In his opinion of 28 October 2021, Advocate General Rantos confirmed that the nature of the rules implementing the EU Damages Directive is determined by EU law and not by national law. The Advocate General states that the provisions on limitations and presumption of cartel-related harm are substantive. In contrast, the possibility for national judges to estimate the amount of harm is a procedural provision. Moreover, AG Rantos considers that pre-Directive knowledge-based limitation periods applied to cartel damage claims could reasonably begin with the publication of a fining decision’s multilingual summary.
On 6 October 2021, the Court of Justice of the European Union rendered its judgment in Case C-882/19, Sumal SL v Mercedes Benz Trucks España SL. Following the Opinion of Advocate General Pitruzzella, the CJEU has confirmed that, under certain conditions, a subsidiary which is not the addressee of the administrative decision can be held liable for the damages caused by the infringement for which the parent company has been fined.
On 15 April 2021 the CJEU’s Advocate General (AG) Pitruzzella handed down his opinion in the preliminary ruling procedure relating to the Trucks cartel litigation in Spain. The Barcelona Provincial Court (‘Barcelona Court’) requested the CJEU to interpret EU law on the question of whether a subsidiary company is liable for damages where the Commission has only fined the parent company for anticompetitive behavior. The AG in Case C-882/19 takes the view that, subject to conditions, a subsidiary without being addressee of the cartel decision can be held liable for the damages caused by the infringement. The Opinion, when confirmed by the CJEU, has as well implications on the question of where victims of Europe-wide cartel behavour might bring claims for damages.
On 6 May 2021 the CJEU published the opinion by AG Bobek in Case C‑819/19 Stichting Cartel Compensation and Equilib Netherlands BV v. KLM NV et al regarding a request for a preliminary ruling from the Rechtbank Amsterdam. It concerns damage actions against members of the international Air Cargo cartel. The case is particularly interesting as it shows the importance of choosing the right forum for a damage action in EU-wide cartel cases and the risks if national courts do not make use of preliminary rulings that are aimed at ensuring a consistent application of EU law across all Member States. Should the CJEU follow the opinion of AG Bobek, claimants that have pursued damage claims before the Amsterdam Court will have good chances to obtain compensation for the entire duration of the cartel from 1999 to 2006, while claimants before the High Court of England and Wales saw their damage claims significantly reduced to the period between 2004 and 2006.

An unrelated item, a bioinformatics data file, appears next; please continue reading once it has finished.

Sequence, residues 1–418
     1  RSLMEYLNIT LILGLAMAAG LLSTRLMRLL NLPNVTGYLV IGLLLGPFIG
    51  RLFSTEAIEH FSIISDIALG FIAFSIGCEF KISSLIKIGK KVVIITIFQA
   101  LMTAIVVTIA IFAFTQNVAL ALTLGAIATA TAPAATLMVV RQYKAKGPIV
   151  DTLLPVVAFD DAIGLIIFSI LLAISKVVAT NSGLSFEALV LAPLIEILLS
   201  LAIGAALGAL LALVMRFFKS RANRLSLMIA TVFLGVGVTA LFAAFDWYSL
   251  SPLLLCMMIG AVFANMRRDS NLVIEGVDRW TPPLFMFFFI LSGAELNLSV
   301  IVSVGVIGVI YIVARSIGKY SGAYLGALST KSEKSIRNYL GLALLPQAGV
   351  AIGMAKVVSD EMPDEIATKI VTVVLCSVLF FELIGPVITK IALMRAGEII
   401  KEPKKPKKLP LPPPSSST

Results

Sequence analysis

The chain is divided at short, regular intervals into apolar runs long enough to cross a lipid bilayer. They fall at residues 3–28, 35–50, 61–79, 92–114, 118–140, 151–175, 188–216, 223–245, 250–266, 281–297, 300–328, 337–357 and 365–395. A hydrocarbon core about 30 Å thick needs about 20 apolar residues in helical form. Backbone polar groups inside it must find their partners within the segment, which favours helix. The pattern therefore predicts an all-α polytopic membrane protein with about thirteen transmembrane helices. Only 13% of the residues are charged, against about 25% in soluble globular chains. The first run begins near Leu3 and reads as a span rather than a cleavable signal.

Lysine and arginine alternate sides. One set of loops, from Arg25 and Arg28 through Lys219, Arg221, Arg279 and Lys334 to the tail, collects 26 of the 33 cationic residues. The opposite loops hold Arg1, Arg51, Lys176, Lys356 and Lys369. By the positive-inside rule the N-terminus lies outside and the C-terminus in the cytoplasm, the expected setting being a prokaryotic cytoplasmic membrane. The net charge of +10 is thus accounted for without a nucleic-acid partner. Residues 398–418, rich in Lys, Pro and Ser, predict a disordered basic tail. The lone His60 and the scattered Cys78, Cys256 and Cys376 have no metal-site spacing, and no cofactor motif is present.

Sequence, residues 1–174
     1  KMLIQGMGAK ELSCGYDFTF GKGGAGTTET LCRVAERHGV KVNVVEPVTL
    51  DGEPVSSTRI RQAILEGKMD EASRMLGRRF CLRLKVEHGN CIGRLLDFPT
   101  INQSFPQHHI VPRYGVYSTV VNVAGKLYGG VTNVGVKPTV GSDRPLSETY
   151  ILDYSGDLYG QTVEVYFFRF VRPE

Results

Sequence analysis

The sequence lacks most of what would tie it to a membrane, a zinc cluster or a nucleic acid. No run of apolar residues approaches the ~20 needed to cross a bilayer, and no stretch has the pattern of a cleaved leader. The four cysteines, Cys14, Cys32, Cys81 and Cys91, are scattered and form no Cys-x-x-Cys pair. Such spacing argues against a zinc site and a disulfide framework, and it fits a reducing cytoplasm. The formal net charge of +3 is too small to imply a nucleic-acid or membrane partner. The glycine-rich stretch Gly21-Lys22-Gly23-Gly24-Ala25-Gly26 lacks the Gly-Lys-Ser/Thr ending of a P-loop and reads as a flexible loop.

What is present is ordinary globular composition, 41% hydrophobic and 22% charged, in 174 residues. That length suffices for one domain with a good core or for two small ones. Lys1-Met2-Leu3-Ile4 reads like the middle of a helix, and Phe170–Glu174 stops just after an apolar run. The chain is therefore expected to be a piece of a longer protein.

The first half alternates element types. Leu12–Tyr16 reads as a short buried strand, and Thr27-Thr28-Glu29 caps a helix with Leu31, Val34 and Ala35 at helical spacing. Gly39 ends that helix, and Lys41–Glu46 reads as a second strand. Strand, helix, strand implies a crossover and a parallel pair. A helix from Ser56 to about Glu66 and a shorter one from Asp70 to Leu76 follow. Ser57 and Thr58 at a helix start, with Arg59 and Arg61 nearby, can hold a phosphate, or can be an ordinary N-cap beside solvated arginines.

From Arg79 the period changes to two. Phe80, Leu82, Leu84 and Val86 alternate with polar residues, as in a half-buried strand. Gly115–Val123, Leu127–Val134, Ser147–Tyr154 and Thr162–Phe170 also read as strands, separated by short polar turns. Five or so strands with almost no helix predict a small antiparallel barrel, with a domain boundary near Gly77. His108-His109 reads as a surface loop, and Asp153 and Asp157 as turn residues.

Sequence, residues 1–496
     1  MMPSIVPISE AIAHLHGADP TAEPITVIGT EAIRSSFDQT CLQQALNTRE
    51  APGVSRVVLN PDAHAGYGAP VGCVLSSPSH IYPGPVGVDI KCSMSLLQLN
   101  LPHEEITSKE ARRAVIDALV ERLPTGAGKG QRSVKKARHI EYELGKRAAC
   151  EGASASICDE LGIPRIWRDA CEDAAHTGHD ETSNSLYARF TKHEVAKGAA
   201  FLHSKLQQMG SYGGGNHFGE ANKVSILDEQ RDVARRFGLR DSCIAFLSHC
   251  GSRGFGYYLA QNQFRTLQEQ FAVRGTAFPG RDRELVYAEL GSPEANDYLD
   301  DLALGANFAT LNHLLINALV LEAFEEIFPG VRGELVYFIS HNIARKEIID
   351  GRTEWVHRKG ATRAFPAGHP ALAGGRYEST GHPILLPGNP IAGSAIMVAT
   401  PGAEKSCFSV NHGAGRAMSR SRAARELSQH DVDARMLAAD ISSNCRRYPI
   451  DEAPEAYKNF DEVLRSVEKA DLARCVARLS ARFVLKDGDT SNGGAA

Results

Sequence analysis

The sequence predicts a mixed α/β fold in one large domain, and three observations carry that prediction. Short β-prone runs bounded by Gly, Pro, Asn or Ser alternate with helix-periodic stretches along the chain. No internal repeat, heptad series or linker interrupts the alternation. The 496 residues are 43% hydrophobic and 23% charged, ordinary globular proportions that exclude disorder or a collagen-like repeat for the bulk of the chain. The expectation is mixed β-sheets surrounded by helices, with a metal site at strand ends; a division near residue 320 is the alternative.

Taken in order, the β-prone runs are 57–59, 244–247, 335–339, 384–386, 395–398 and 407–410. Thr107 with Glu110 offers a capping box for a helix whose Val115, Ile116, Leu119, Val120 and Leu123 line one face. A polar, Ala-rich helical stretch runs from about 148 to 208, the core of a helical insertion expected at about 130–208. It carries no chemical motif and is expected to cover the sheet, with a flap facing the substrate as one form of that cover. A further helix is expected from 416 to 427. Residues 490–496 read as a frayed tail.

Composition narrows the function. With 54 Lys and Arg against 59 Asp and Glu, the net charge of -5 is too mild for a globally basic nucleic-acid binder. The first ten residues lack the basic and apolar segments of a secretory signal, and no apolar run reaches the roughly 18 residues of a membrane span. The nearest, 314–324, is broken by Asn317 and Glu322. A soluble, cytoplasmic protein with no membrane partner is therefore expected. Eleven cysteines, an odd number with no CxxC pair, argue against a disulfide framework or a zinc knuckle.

By judgment of 14 January 2021 in Case C-450/19, Kilpailu- ja kuluttajavirasto (‘Judgment’), the Court of Justice of the European Union (‘CJEU’) stated that an infringement of Art. 101 TFEU in bid-rigging cases ends with the conclusion of the works, goods or services contract, even if the damage occurs at a later stage. To reach […]
Are there no public benefits from a hardcore cartel? The German Rails Cartel, at least, continues to contribute to the general development of private claims for damages resulting from an infringement of the EU cartel prohibition (Article 101 TFEU) and its national equivalent. From this perspective, it supports consumers, by promoting legal certainty for an […]
In the aftermath of Directive 2014/104/EU (Directive), Spain appears to be one of the most active jurisdictions dealing with antitrust damages cases. In particular, a multitude of Spanish courts have been seized with actions for compensation in relation to the European Trucks Cartel (Case AT.39824-Trucks). In that context, preliminary ruling requests were addressed by Spanish […]
On 17 June 2020, the Paris Court of Appeal (hereinafter the “Court”) handed down its judgment (hereinafter the “Orange ruling”) in which it ordered Orange to pay EUR 249.5 million (EUR 181.5 million in damages plus EUR 68 million in interest) to the telecom operator Digicel for anti-competitive practices implemented in the West Indies in the early […]
On 29 May 2020 the German Supreme Court (‘Bundesgerichtshof’) published two judgments (KZR 23/17 and KZR 25/17) in which it provides detailed guidance on the legal principles and the standard of proof to be applied for the substantiation of damages in follow-on damage actions in the light of EU law principles. These judgments are of wide interest […]
In a request for a preliminary ruling, the Barcelona Provincial Court asks the EU Court of Justice which legal entities within the undertaking are liable for the damages caused by an infringement of Art. 101 TFEU. Is this liability limited to the addressees of the fining decision or could in principle every legal entity that […]